China in Transition
    Pictures of life in China during the transition from the last dynasty to the modern world.
Stan Neumann's Home Page
In 1908, George Bradford Neumann travelled to Chengdu, China to help with the establishment of West China Union University (WCUU). They started during the final years of the Qing dynasty, the last of the Chinese Dynasties. When the revolution broke out in 1911, the westerners were evacuated to the Jiansu province on the coast, where George helped to organize relief for the famine underway in that region. With the advent of the Republic of China, and some small degree of stability, they returned to Chengdu in 1912, and stayed until 1924 (except for a year sabbatical in the US from 1915-1916). One of the valuable things that George brought back was a collection of hand-colored glass slide photographs capturing a cross section of life in China during a particularly momentous period - the transition from the classical world of the dynasties to the modern world.

Pictures of Daily Life      Portaits and Group Pictures     Images of the Campus     Images of the Region     Family-oriented pictures     

West China Union University
West China Union University (WCUU; Huaxi Daxue; ????) was founded in 1911 by Wesleyan alumnus Joseph Beech as the central institution of an organization of Christian schools in western China that went from grade school through college. The university's campus lay south of Chengdu's city walls and played an important role in Chengdu's intellectual life right up to the present day. "That which is of tremendous encouragement is that many of her young men realize all that I have said and are themselves doing their utmost to clean up instead of whitewash her beautiful marble but as nearly as I can see it is the Christians who are doing it." GN, 2/19/20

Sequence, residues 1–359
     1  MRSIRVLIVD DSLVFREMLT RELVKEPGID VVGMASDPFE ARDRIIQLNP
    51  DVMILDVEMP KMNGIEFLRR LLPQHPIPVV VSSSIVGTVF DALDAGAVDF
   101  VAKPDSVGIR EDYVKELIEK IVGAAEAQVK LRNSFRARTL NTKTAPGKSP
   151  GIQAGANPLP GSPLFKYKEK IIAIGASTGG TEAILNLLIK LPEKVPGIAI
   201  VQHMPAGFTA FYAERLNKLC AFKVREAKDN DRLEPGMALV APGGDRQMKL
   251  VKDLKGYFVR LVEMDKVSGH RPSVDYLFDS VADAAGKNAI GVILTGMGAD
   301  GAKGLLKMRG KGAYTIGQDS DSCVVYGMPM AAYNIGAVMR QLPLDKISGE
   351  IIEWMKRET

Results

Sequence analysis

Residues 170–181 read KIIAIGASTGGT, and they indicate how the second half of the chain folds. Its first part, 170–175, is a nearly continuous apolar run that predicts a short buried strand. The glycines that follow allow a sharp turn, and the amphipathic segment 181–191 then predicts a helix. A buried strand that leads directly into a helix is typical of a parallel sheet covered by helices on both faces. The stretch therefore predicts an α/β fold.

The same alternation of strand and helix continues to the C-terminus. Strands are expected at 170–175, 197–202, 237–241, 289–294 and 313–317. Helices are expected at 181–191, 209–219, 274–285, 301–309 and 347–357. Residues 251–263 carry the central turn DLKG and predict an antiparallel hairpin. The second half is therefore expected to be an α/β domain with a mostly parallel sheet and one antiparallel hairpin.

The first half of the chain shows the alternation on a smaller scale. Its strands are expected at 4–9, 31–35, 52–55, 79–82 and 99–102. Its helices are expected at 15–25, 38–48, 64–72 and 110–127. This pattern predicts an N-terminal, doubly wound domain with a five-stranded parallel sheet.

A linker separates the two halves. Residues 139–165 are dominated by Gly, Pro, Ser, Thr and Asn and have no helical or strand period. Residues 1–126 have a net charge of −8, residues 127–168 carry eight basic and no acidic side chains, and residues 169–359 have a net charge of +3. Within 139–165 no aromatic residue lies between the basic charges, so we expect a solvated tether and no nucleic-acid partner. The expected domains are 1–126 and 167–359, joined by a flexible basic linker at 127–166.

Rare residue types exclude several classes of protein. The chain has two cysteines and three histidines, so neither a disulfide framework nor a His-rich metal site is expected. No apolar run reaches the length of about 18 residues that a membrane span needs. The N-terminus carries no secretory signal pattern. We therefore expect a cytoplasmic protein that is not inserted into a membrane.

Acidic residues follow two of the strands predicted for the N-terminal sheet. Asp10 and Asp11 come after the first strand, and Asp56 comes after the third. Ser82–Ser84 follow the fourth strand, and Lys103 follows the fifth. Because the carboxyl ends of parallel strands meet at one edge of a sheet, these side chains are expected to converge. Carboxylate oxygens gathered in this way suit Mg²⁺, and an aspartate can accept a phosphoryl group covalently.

Early Republicanism in Chengdu: Chengdu was closely involved in the fall of the Qing Dynasty in 1911, but hopes for a better society dissolved in the political chaos that followed with warlordism and depredations of their soldiers. ".a discussion of China's parasite [the soldiers] but they are such an awful pest and to my mind they and the men who govern them and are connected with them together form the biggest hindrance to China's progress." GN, 3/8/20
Students were some of the most active in favor of modernization, and those at WCUU were no exception. "The students have of late been realizing anew that instead of a republic they had a militaristic government, and have been considering anew means of doing away with the present government and getting a really representative one." GN, 12/1/10

Click on the thumbnail images for a full-size image.

An entrance to the school campus This photo records a meeting of some of the schools at WCUU. The group in the foreground's banner reads Association Middle School. You can see how large the campus was in this picture. At that time it was outside the city walls, but today that site lies just outside the downtown center of Chengdu.
New Construction The same building as in the picture above - a bit later (the bushes are taller)
Possibly a later picture of the building under construction above. Hall at WCUU in Sino-Western Style
Much of WCUU's campus was designed by British architects to include Chinese design elements. Joseph Beech was a charming but unassuming man who was able to raise capital for university projects and then organize their completion despite complicated local problems.
More of the campus More of the campus
Troops Drilling on Campus
West China Union University supported the reformist movements of the Republicans under Sun Yatsen, and these leaders recognized the need for a strong, modern, politically aware military.
This and the picture below go together and depict a religious gathering with an old foot-pump organ, students and distinguished guests including the four gentlemen in robes and the uniformed cadets on the hillside.
A Chapel The religious gathering (notice the pump organ).
The same chapel, before the service Entering one of the school buildings
Western children presenting a very western story!

Much of the commentary is courtesy Patrick Dowdey, of the Mansfield Freeman Center for East Asian Studies at Wesleyan University and was prepared for an exhibition of these pictures at the Center in 2010.

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